4. Don’t rely on mirrors alone – double check behind you for pedestrians in parking lots
Although it can be tempting to simply look through your side or rearview mirrors when pulling out of a parking spot, this will NOT guarantee that there is no one driving or walking behind you from either side. Busy parking lots can cause both drivers and pedestrians to be more daring and try to go behind cars that are attempting to leave their spot. Crowded lots can be very stressful, but many potential accidents can be avoided by not trusting your mirrors and actually looking around at your surroundings. Be 100% sure that nothing is behind your car before proceeding, and always back out slowly as to avoid any aggressive parkers!
5. Drive below the speed limit in rough weather conditions
Traveling in the rain or snow can be very unpleasant, as it can add both stress and aggravating traffic to a driver’s journey. Even so, speeding up to finish the drive is NEVER the answer when conditions get tough. Going too quickly through large puddles can cause a car to hydroplane. Patches of ice may put the car into an out-of-control skid, at which point the driver is at serious risk of harming those walking through the school zone. In addition, rain and snow can decrease visibility, leaving less time to react when pedestrians or vehicles appear in your lane of travel. Err on the side of caution when you can’t fully see what lies ahead, and be ready to slow down if necessary.
6. NEVER drive distracted!
This one goes without saying, but it is so important that we are going to say it anyway: looking at your phone or anything except the road while driving is extraordinarily dangerous, and is the cause of many otherwise avoidable accidents. One good way to ensure that your attention won’t be diverted by a phone notification is to put it on “do not disturb” or even airplane mode while you are behind the wheel. That text message can wait until you have arrived safely at your destination! Especially considering the above-average number of pedestrians in school zones, it is essential that drivers pay attention to the road at all times and are able to react as quickly as possible.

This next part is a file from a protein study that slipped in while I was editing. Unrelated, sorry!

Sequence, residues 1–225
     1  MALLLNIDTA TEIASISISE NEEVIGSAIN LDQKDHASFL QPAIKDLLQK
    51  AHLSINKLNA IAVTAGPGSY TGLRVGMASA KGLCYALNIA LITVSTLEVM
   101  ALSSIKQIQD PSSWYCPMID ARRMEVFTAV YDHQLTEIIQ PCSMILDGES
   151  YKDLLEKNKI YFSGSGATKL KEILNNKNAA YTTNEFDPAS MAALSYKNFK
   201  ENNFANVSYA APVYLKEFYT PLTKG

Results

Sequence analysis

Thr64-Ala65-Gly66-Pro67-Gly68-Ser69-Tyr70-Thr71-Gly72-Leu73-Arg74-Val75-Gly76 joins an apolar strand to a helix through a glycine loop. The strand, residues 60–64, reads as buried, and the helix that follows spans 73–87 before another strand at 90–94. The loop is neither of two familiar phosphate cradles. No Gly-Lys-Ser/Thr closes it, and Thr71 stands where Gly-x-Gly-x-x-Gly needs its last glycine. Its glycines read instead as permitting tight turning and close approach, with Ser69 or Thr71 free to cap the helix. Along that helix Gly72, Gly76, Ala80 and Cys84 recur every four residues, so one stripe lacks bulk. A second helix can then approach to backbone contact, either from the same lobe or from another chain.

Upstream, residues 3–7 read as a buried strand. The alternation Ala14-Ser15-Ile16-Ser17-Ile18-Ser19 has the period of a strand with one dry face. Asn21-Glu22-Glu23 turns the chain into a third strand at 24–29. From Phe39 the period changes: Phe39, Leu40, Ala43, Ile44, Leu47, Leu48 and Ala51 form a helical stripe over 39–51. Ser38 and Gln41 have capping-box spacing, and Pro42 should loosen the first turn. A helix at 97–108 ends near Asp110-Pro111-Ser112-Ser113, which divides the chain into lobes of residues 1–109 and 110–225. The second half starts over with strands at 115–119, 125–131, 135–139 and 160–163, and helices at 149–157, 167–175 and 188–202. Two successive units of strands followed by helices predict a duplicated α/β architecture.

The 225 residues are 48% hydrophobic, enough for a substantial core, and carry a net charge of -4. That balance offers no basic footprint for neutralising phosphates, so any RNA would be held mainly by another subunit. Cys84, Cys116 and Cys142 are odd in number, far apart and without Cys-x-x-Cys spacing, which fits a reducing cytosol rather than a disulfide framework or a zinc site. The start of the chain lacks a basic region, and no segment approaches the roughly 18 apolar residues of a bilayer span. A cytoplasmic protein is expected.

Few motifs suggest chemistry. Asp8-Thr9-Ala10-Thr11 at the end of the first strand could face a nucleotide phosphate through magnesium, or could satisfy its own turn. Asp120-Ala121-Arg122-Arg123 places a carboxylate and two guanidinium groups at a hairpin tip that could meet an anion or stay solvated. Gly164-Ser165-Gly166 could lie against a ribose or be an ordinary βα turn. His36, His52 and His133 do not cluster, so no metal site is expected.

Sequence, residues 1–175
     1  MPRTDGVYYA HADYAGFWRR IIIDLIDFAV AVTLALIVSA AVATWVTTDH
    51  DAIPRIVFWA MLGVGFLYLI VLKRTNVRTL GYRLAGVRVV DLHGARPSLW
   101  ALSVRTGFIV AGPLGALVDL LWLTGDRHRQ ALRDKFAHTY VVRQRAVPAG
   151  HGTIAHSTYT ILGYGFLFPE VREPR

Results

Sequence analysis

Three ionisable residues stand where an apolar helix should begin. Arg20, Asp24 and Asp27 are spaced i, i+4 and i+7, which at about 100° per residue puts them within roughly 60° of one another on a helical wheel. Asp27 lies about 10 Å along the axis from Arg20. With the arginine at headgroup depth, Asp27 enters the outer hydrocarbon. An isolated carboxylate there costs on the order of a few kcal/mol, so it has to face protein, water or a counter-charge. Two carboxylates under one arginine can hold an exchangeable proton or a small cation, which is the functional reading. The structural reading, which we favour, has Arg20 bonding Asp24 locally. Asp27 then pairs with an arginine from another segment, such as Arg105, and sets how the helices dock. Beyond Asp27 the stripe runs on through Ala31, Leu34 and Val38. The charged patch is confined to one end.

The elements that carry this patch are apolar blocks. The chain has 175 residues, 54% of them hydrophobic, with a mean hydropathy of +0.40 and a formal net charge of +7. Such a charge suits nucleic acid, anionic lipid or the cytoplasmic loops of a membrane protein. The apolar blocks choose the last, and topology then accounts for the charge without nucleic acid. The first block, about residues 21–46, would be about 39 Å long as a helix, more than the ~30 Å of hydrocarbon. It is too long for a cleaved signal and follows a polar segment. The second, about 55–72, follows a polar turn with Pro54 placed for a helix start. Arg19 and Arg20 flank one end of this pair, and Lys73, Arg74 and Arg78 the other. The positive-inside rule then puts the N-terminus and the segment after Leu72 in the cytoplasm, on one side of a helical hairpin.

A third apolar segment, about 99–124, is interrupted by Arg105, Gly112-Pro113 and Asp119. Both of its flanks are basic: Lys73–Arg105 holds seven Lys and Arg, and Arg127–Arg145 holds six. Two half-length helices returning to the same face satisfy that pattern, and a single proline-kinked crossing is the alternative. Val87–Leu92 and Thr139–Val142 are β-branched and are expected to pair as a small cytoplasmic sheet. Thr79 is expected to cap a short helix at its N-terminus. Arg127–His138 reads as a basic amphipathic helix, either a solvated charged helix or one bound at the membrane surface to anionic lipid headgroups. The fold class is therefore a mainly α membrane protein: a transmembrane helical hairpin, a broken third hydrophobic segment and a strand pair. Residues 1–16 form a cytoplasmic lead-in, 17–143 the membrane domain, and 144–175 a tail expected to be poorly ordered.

7. Respect the speed limit and the crosswalk!
While it is important to drive within the posted speed limit at all times, the slower limit (often 10-20 MPH) imposed in school zones is there for a very specific reason: there are likely to be a large number of children walking around the area in the morning and late afternoon, which means that extra care is needed in these areas. In addition to driving slowly, drivers in a school zone MUST give pedestrians the right of way when approaching a crosswalk. Besides, waving pedestrians across the street instead of blowing through the crosswalk first is a courtesy that we all hope will be extended to us, so setting a good example is never a bad thing!